Der Ring des Nibelungen
Second Day: Siegfried
Libretto by the composer
Premiere: Bayreuth Festival House, 1876
The third opera in Wagner’s four-part Der Ring des Nibelungen, Siegfried is the coming-of-age story of the ultimate hero and his role in the struggle for supreme power, which is embodied by the magic ring introduced in Das Rheingold. Siegfried is an unusual hero by any standard: he is portrayed as an impetuous teenager who knows no fear, and Wagner made little attempt to make him likable in a conventional sense. While characters from earlier parts of the saga return in Siegfried, the emphasis is clearly on the human title hero and, eventually, on Brünnhilde in her mortal incarnation. Wotan, leader of the gods, appears as well, but in the distinctly human shape of the Wanderer. The opera’s earthly ambience is also represented in its focus on nature: there are references to animals and their behavior in the libretto, and the sublimely lyrical depiction of the forest landscape in Act II is among Wagner’s most striking achievements.
Richard Wagner (1813–1883) was the complex, controversial creator of music- drama masterpieces that stand at the center of today’s operatic repertory. Born in Leipzig, Germany, he was an artistic revolutionary who reimagined every supposition about music and theater. Wagner wrote his own librettos and insisted that words and music were equal in his works. This approach led to the idea of the Gesamtkunstwerk, or "total work of art," combining music, poetry, architecture, painting, and other disciplines, a notion that has had an impact on creative fields far beyond traditional operatic territory.
Siegfried is set in mythological times, when gods and other creatures contend for dominion over the earth while humans are emerging as a new power. No location is specified in the libretto, but the Teutonic mythology Wagner based his story on and the significance of the Rhine River in the epic suggest a Germanic setting.
Much of the drama of Siegfried is expressed in the orchestra: Wagner’s system of leitmotifs (characteristic themes associated with a character, object, or emotion) that was begun in Das Rheingold and elaborated in Die Walküre is taken to a new level here, as events and ideas overlap and evolve. The orchestra creates one of the most delicate and enchanting soundscapes in opera, the evocative Forest Murmurs in Act II. The preponderance of male voices throughout most of the work, including three bass roles, creates a dark and murky atmosphere appropriate to the setting of forest caves throughout the first half of the work. This gloom is scattered by the bright soprano voice of the Forest Bird, which emerges from the Forest Murmurs. Her melody recalls the music of the Rhinemaidens in Das Rheingold and evokes a sense of unsullied nature. The vocal demands of this opera are extreme even by Wagner’s monumental standards. The title role is especially notorious, both for its sheer length and for encompassing an astonishing range of dynamics—from the heroic to the reflective to the tender and romantic. Wagner makes ingenious (if spare, in terms of time) use of female voices in Siegfried: the extremes are covered by the deep-voiced Erda, the Earth Mother, in Act III, and the graceful lyricism of the Forest Bird. But the complete feminine principle remains unexplored until the final half hour of the opera, when Siegfried awakes the sleeping Brünnhilde. The two then share one of the most exciting love duets in opera, a carefully constructed surge of sound and emotion that leads to a tremendous musical and dramatic climax.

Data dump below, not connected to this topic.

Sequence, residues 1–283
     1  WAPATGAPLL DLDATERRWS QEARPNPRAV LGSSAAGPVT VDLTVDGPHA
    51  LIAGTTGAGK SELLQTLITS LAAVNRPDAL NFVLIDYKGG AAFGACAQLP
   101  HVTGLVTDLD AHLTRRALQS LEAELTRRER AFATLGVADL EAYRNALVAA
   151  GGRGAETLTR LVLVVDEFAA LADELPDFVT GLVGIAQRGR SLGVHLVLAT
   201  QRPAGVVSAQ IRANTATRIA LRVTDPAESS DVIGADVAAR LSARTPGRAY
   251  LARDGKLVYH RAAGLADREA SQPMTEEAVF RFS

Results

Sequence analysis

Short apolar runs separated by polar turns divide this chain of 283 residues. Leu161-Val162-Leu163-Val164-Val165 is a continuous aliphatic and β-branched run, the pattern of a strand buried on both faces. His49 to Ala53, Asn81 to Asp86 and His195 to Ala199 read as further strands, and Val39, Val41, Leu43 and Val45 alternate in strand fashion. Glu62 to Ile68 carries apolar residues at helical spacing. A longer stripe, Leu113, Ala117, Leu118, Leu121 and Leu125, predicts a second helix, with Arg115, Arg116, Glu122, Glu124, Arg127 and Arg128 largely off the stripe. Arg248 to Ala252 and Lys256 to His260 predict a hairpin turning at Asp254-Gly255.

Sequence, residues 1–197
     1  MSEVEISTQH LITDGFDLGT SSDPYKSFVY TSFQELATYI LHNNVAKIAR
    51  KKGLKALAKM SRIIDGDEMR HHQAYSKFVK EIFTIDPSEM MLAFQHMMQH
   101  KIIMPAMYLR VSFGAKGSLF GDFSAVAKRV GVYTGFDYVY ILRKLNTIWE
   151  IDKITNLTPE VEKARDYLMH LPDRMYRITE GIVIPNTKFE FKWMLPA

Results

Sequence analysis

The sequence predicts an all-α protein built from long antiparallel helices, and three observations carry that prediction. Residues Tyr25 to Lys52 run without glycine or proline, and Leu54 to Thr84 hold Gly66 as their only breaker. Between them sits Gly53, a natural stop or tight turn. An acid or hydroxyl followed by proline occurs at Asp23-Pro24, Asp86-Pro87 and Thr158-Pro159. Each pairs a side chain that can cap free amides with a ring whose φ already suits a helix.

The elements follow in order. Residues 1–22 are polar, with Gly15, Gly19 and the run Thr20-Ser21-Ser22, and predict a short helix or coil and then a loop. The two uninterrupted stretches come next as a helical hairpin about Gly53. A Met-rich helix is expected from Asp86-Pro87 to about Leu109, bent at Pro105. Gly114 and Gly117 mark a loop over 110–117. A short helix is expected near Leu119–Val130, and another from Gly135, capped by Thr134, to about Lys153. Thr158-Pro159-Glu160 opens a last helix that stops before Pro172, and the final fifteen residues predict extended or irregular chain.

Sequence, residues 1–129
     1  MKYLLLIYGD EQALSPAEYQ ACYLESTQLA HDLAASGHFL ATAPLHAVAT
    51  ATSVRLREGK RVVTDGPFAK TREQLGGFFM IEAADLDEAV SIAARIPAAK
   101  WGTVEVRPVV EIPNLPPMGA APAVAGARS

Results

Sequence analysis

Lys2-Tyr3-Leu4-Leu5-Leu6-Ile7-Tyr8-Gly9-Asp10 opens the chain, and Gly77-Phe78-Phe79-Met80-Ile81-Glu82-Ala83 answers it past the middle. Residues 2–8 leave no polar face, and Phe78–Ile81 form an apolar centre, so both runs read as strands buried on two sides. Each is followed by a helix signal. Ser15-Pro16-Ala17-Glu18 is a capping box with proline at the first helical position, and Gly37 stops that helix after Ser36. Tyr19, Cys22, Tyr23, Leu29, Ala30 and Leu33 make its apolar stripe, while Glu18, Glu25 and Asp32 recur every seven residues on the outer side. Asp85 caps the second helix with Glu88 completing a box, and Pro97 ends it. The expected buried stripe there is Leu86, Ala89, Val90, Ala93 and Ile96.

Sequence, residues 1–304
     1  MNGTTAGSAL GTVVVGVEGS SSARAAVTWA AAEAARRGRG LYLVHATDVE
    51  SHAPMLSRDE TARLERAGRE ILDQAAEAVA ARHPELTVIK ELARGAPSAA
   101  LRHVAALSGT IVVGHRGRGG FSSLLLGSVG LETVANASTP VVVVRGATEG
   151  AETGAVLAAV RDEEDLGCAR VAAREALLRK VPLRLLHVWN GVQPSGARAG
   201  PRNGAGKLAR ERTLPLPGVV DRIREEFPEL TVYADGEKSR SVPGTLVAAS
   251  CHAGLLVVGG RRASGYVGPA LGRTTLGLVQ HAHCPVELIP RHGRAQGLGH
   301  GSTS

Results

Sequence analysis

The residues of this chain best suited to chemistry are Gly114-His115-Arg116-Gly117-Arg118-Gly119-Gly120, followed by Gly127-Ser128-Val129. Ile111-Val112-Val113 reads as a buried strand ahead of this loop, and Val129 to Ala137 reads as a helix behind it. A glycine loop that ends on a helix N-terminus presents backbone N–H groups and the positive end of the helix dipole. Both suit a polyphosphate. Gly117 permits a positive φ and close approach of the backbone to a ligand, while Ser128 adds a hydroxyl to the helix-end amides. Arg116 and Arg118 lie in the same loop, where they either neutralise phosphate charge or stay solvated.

Siegfried at the Met
The Met gave the U.S. premiere of Siegfried in 1887, conducted by Anton Seidl (who had worked with Wagner at the first Bayreuth Festival in 1876). The cast
included tenor Max Alvary, soprano Lilli Lehmann (another Bayreuth veteran), mezzo-soprano Marianne Brandt, and bass Emil Fischer—a quartet that did much to popularize Wagner’s music in America. A new production in 1896 featured Jean de Reszke as Siegfried and his brother Edouard as the Wanderer. Two more productions followed in 1904 (with Gustav Mahler conducting five performances in 1908) and 1913. Famous Brünnhildes during those early decades included Lilian Nordica, Milka Ternina, Johanna Gadski, and Olive Fremstad. Lauritz Melchior was the dominating interpreter of the title role from 1926 until 1948, while the legendary Kirstin Flagstad sang 19 performances of Brünnhilde from 1937 to 1941, and an additional one after her return to the Met in 1951. Friedrich Schorr, a great German bass who, along with many other singers, fled Europe in the time of the Third Reich, gave 46 performances as the Wanderer in this era. Fritz Stiedry conducted a new production in 1948 featuring Set Svanholm and Helen Traubel. Herbert von Karajan’s staging, based on his Salzburg production, premiered in 1972, with Eric Leinsdorf conducting Jess Thomas, Birgit Nilsson, and Thomas Stewart. James Levine led the premiere of Otto Schenk’s 1988 production with Wolfgang Neumann, Hildegard Behrens, and Donald McIntyre and went on to conduct every subsequent performance of Siegfried at the Met through 2009. James Morris appeared as the Wanderer 16 times from 1989 through 2009. Robert Lepage’s new production, opening on October 27, 2011 and conducted by Fabio Luisi, is part of the Met’s first new staging of the Ring cycle in more than 20 years.